This is totally Thursday, right? Yeah, trip to get my car fixed was a lot less productive blogging wise than I’d intended, but I have working AC again and my brakes are fixed! I digress. This one is from Curiosity Quill Press, here’s Tyrolin Puxty’s Down to Oath. Enjoy!

Down to Oath cover

Oath is boring. Scheduled to the second, everyone likes all the same things, nothing changes. Boring. But not Codi, she’s different, she goes against the flow. She’s the only one to use the library at the edge of town. More than that, she’s certain that she’s the only one to have met a child, much less a child that claims to be her somehow. The child says she has to find her other selves in other worlds but won’t say why. How much can this child Codi be trusted? Are the other Codis any more trustworthy?

Tyrolin Puxty’s Down to Oath is a super weird book. Multiple worlds layer together, each with reflected versions of the same people. But each world is vastly different, ruled by different emotions and different ideals. It’s sort of an adventure unto itself to try and figure out where the story is headed and what various things mean. That said though, there is a minor spoiler for the whole thing in the blurb itself. It’s a weird oversight given how well the plot works as a sort of mystery about itself aside from that.

The worlds themselves fascinate me. Each is the size of a small town and each is a reflection of the others with the same buildings and people, just different versions of them. Oath is boring and quiet and unchanging. Bond is full of children, left to play and explore and do as they will. Pledge burns with passion and conflict, each citizen a warrior scholar and deeply serious. Then there’s Word, the realm of unbound creativity where everyone is an artist of some stripe. Each world has or had a version of the same people and they’re all notably different from Codi’s view point. I would have loved to have seen more of the worlds and how they compare. I would have really liked to have seen more of how the various core parts of the worlds come together to balance each other out.

While the worlds fascinate me the characters, Codi aside, fall a bit flat. I do think that that ties into the worlds being so different, it winds up meaning that characters who are meant to be different iterations of the same person often wind up not really resembling each other. That winds up being part of where the book falls apart for me. Puxty has a number of really cool ideas both for her world and for how her characters work, unfortunately the book is both short enough and focused in enough on Codi that other characters don’t get the chance to shine.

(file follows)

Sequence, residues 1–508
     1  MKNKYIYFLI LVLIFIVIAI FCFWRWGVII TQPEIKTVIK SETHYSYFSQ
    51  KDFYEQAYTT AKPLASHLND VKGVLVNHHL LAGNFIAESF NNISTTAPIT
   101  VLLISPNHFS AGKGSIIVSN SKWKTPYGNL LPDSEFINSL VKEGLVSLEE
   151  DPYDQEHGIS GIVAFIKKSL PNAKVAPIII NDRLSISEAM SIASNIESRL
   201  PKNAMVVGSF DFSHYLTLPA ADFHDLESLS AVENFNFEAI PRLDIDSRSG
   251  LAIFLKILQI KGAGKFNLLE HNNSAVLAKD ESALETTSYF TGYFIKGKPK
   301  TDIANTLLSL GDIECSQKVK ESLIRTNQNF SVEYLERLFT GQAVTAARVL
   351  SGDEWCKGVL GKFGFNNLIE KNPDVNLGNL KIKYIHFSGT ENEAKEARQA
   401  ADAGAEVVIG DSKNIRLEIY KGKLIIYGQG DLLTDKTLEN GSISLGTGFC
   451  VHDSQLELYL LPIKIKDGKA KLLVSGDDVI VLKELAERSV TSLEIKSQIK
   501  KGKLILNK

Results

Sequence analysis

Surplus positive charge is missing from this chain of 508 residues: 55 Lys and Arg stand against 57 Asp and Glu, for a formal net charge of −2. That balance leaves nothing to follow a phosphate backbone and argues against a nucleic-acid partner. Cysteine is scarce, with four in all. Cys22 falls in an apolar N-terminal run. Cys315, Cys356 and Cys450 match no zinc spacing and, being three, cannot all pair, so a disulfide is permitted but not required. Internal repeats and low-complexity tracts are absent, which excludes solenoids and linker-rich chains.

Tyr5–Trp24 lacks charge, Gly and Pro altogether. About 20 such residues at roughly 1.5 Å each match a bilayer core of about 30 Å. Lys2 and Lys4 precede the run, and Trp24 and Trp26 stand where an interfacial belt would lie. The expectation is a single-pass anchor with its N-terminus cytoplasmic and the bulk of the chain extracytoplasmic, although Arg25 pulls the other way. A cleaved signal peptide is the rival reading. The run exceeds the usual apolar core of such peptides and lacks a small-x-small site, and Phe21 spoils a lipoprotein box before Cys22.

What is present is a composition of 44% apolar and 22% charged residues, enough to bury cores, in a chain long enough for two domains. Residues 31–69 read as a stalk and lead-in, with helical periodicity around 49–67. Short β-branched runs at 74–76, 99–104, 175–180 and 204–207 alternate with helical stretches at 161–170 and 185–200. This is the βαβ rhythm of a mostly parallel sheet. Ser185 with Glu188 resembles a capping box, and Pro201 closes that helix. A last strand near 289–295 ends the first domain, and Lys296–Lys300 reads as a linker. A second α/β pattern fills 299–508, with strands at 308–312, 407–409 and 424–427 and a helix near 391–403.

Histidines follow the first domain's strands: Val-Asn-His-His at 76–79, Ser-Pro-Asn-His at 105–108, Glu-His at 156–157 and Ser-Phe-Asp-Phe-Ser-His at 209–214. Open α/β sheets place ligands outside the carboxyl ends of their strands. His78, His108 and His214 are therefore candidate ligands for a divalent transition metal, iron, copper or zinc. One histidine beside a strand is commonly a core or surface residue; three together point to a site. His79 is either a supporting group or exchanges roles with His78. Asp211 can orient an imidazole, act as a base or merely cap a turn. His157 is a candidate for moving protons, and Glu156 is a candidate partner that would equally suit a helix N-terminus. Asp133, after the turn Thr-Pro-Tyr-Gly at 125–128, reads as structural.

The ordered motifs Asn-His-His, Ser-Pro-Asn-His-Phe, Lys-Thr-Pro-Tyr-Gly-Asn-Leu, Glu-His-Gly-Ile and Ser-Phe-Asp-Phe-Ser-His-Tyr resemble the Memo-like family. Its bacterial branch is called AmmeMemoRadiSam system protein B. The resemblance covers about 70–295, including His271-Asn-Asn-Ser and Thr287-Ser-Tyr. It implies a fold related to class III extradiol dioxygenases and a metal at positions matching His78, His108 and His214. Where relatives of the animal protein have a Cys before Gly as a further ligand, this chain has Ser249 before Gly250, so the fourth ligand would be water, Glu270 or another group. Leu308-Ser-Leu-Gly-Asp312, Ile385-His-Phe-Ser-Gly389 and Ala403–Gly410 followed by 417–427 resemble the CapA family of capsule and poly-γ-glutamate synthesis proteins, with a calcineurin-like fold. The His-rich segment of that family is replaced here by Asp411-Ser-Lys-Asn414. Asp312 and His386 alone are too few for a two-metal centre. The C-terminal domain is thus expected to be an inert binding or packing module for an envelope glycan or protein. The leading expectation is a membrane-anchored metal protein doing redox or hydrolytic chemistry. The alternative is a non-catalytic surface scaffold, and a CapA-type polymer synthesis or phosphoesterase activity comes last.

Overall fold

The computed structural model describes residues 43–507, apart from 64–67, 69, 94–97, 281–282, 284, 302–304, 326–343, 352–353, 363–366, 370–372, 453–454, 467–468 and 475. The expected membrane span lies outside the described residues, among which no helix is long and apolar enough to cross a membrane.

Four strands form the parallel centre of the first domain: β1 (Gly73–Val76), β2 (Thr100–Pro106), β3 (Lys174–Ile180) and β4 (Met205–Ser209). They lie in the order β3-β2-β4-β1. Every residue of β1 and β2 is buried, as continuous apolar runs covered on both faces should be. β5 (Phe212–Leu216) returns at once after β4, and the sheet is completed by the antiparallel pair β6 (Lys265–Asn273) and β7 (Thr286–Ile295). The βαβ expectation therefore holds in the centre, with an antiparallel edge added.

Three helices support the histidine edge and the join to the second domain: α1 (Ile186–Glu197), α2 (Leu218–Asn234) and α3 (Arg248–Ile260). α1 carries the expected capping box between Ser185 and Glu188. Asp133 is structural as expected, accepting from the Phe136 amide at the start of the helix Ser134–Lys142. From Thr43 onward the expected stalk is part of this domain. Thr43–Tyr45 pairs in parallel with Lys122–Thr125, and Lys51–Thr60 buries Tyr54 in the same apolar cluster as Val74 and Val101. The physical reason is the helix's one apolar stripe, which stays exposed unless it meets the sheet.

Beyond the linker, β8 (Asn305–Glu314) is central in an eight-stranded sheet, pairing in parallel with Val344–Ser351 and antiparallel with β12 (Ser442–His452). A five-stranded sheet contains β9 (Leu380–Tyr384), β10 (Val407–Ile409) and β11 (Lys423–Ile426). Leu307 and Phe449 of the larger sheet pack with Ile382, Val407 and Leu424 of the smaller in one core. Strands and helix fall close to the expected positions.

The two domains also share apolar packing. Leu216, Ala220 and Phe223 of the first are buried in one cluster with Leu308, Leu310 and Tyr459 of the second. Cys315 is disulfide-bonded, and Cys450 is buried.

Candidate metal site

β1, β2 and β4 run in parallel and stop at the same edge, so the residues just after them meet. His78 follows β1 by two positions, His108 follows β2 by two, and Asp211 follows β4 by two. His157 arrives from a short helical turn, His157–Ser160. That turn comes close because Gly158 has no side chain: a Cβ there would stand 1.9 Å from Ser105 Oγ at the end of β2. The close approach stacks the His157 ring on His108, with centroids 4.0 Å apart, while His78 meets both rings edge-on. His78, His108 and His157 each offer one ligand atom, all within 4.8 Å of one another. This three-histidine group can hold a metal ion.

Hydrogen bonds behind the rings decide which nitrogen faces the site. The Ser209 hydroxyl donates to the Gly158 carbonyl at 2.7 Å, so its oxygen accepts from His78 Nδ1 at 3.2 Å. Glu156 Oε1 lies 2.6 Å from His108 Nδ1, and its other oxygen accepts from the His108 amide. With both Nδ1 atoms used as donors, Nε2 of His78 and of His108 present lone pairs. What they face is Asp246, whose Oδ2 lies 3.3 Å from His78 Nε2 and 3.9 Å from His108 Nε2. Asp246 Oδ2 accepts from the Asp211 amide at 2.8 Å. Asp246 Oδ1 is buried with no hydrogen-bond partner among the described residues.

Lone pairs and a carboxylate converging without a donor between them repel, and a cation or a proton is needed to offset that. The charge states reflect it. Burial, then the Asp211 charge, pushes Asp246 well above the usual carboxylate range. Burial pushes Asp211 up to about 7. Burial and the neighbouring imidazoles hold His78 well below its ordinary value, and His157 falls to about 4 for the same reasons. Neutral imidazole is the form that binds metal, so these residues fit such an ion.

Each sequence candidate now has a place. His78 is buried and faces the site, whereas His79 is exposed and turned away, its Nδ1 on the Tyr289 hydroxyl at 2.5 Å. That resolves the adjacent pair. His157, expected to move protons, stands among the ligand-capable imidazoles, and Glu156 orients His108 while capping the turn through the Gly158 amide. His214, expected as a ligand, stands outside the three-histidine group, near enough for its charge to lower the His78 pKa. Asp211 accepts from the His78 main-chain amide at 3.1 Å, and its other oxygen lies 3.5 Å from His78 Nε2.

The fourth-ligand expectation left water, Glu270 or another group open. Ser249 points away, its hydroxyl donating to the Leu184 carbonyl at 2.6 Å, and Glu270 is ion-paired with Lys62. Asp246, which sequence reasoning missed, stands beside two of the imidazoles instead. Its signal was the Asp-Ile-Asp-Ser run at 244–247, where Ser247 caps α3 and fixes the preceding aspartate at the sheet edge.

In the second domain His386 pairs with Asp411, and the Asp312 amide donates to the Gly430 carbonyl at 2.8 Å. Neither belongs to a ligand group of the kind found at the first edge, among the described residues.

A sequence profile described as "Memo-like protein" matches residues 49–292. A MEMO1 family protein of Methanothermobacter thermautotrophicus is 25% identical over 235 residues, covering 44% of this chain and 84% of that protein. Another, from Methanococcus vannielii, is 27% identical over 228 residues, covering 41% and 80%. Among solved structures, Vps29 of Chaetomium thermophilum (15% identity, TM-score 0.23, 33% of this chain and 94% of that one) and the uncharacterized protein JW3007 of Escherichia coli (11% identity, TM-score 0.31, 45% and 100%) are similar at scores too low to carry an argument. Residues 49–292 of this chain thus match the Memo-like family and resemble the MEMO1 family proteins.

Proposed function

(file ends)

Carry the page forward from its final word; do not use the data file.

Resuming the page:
This shows up pretty heavily with the antagonist and Codi’s love interest, which is pretty jarring. The story proper doesn’t really hit its stride until a fair way in so we spend a good amount of time with Codi and her Bond and Pledge versions. But then other characters bounce between being basically sketches, unrecognizable from one world to another. After Codi herself, the next two most developed characters are rather one note, a joyous love interest and a raging antagonist. There’s a lot with both characters that the reader and Codi are told, but it leads to the whole thing feeling rushed and incomplete.

I feel like that is an issue that sort of eats at the end of the book. There’s a sense to the first parts of the book of adventure as Codi is introduced to all these new things and places. But then the end feels like there was a bigger story planned, a wider arc to the story, but not enough page space for it. There wasn’t a lot of lead up to it either so, again, it feels cramped against itself with all this exposition just coming out of nowhere. It’s frustrating in a lot of ways, I really enjoyed the first part of the book but then the end didn’t live up to it.

This is one of those books that I feel could have been really awesome if it had been given another draft or a go around with a beta reader. The bones of it are solid, but the finished novel winds up feeling very like a first book. That informs a lot on my final feelings here. I think that Tyrolin Puxty has the makings of a good writer and that if she works on her pacing and character focus she could do some fantastic stuff. Down to Oath gets a three out of five, but I would give one of Puxty’s other novels a shot.